A Defense Department-funded report released in April indicated that increased natural disasters, high levels of rainfall and coastal erosion pose serious problems for the largest Marine Corps training facility on the East Coast, the iconic Parris Island recruit training depot in South Carolina, Military.com reported in late May. The growing effects of climate change has the Marines considering moving some of its bases, including Parris Island, to other locations.

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ALTERNATIVE FUEL and ENERGY

Marine Base, First to Hit Net Zero

Marine Corps Logistics Base Albany, Georgia is the first Defense Department installation to achieve Net Zero status.

Net Zero is defined as the production of as much electricity from renewable “green” energy sources as a facility consumes from its utility provider and is measured over the course of the year.

On average, MCLB Albany’s consumption peak is 4-6 megawatts of electricity in winter and 8-11 megawatts in the summer. The power consumption difference by season is why NET Zero is measured over the course of a year.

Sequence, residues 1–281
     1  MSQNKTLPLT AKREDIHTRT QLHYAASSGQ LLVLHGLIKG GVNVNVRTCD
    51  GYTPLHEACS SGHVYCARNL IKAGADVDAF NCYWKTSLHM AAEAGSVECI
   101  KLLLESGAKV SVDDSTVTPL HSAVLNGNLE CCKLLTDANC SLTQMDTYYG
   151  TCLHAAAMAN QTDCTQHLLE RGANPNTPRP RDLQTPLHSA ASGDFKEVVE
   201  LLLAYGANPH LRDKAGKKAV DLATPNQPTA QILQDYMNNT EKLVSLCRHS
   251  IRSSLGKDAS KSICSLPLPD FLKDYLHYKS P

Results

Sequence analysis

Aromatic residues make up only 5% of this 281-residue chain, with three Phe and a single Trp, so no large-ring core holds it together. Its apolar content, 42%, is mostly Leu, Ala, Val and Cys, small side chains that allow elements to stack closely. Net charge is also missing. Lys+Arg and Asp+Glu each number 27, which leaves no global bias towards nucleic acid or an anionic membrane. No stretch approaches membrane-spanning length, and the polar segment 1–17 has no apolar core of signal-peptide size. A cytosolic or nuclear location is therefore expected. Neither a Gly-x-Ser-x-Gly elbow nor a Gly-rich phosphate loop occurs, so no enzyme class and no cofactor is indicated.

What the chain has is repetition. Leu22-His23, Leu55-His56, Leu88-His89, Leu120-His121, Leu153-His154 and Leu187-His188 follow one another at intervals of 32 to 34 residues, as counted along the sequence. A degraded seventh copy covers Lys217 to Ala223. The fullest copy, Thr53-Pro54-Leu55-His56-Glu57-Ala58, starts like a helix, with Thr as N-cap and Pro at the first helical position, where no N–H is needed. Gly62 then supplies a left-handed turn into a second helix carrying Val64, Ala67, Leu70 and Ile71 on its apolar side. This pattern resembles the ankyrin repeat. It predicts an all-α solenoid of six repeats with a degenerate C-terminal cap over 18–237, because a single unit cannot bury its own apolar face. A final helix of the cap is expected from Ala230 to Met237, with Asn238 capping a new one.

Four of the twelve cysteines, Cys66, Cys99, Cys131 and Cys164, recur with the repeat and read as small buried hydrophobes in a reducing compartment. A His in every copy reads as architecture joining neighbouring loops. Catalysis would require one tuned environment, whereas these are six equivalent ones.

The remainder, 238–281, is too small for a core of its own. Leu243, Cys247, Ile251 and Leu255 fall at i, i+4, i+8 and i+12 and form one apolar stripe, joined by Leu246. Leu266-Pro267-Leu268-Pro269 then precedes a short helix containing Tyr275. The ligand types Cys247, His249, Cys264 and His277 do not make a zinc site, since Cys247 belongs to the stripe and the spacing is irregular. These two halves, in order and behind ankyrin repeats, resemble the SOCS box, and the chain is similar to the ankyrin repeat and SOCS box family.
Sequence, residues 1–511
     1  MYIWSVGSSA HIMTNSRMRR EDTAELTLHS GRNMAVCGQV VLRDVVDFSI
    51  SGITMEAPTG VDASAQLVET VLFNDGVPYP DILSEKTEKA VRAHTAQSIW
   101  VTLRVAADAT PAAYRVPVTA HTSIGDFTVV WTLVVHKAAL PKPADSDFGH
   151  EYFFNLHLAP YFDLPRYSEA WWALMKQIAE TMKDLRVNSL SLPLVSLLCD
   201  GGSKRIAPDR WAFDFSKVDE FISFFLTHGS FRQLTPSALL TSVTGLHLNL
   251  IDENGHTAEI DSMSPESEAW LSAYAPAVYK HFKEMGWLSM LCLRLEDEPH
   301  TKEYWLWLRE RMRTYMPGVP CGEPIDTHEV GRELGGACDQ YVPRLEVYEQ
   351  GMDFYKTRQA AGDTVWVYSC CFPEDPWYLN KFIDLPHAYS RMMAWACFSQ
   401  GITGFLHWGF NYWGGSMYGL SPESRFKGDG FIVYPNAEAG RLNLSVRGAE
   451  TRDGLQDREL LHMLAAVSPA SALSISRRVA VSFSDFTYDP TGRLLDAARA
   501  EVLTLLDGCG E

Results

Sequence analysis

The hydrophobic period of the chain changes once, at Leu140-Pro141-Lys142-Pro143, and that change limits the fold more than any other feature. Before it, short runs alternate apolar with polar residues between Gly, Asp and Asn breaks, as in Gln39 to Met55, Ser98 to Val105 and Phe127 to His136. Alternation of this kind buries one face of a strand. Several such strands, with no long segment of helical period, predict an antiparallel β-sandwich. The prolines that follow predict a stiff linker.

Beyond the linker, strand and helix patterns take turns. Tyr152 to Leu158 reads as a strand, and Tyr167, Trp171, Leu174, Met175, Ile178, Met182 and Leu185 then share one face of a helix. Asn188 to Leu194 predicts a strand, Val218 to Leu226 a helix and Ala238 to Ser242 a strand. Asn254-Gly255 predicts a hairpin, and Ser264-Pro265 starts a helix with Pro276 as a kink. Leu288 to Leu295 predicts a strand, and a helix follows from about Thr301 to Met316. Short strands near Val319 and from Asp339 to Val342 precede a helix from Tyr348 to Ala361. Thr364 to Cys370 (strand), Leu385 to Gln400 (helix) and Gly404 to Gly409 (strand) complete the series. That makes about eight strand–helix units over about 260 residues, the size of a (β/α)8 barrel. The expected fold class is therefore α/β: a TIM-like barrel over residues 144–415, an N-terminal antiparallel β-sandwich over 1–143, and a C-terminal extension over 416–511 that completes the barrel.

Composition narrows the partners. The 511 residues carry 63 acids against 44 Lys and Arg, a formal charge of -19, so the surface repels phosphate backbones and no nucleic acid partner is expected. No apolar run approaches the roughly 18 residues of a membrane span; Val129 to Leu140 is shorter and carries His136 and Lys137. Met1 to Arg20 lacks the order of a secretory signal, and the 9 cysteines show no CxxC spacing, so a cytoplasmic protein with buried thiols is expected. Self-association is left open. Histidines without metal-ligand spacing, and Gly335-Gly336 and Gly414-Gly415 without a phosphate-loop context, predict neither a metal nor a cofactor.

The base has two landfill gas generators that produce 4 megawatts. The biomass steam turbine generator located at the nearby Procter & Gamble plant generates 8.5 megawatts of energy with the steam generated from burning biomass.

The base also has 27 diesel backup generators that generate a total of 7 MW of power.

(right) listen at ceremony recognizing Marine Corps Logistics Albany, Georgia as the first Defense Department installation to meet the “Net Zero” energy-efficiency milestone. (Photo by Jonathan Wright, Marine Corps Logistics Base Albany)

Assistant Secretary of the Navy for Energy, Installations, and Environment Meredith Berger and Marine Corps Commandant General David Berger (no relation) participated in a ceremony celebrating the accomplishment on May 24, 2022.

“From the shores of Tripoli, to the seawall at Inchon, Marines have shown leadership and taken decisive action in the face of every challenge,” Assistant Secretary Berger said. “It is only natural then that the Marines should lead the way here in Albany on energy resilience.”

“Warfighting is always first and most important,” said General Berger. “The more resilient a base is, which is where we project our power from, the better warfighting organization we’re going to be and the more lethal we’re going to be.”